2. The third-person mesh. This is what everyone else sees when you are using the weapon. This version is usually not as detailed as the first-person mesh, and it includes only the animations that you would be able to see well from a distance, like firing.
  3. The pickup mesh. This is what you see on the ground. It has no animations because at the most, it is meant to revolve slowly.

These three meshes are specified by three default variables: PlayerViewMesh, PickupMesh, and ThirdPersonMesh. You would specify them like this:

defaultproperties
{
 //...
 PlayerViewMesh=LODMesh'UnrealI.QuadShotHeld'
 PickupMesh=LODMesh'UnrealI.QuadShotPickup'
 ThirdPersonMesh=LODMesh'UnrealI.flakm'
 //...
}

Next, you need to specify the distance the first-person mesh is from the center of the screen. This is specified by a vector called PlayerViewOffset. For the vector's components, positive X is vertical, toward the top of the screen (!), positive Y is horizontal toward the right of the screen, and positive Z is toward yourself. You may want to check the mesh itself, and this part usually requires some trial-and-error unless you made the mesh yourself. In the example above, I was trying to give the Quad Shot some code (It wasn't used in Unreal), but there weren't any values for PlayerViewOffset, so I had to figure it out myself. Now you can add this line to defaultproperties:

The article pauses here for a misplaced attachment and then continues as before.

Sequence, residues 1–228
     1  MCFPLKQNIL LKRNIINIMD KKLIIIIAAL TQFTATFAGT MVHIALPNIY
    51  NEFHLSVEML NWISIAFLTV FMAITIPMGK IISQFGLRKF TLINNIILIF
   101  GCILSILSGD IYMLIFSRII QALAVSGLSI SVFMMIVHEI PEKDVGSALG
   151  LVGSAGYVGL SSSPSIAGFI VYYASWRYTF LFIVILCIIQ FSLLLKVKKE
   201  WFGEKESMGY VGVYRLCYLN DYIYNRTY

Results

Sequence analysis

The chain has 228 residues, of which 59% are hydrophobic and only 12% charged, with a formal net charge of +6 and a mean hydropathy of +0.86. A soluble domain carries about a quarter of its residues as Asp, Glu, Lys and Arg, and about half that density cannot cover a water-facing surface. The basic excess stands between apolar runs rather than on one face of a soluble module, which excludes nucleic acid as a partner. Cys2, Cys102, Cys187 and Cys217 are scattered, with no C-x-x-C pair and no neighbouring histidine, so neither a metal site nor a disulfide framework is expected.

defaultproperties
{
 //...
 PlayerViewMesh=LODMesh'UnrealI.QuadShotHeld'
 PickupMesh=LODMesh'UnrealI.QuadShotPickup'
 ThirdPersonMesh=LODMesh'UnrealI.flakm'
 PlayerViewOffset=(X=-15.000,Y=15.000,Z=-30.000)
 //...
}

One other thing you may want to change is a vector called FireOffset. This vector specifies where the projectile (or trace) should show up relative to the center of your screen, in first-person view. You may have to experiment with this, because it will have to match up reasonably well with the muzzle of your weapon.

Now, you have some meshes for your weapon! Let's make them do something...

Animations[edit]

Animation allows you to see the weapon in action. Your weapon will need at least two functions to handle animation: PlayFiring() and PlayAltFiring(). For most weapons, they contain code that plays an animation and a sound. Here is a very generic set of routines:

function PlayFiring()
{
 PlayAnim('Fire', 1.0, 0.05);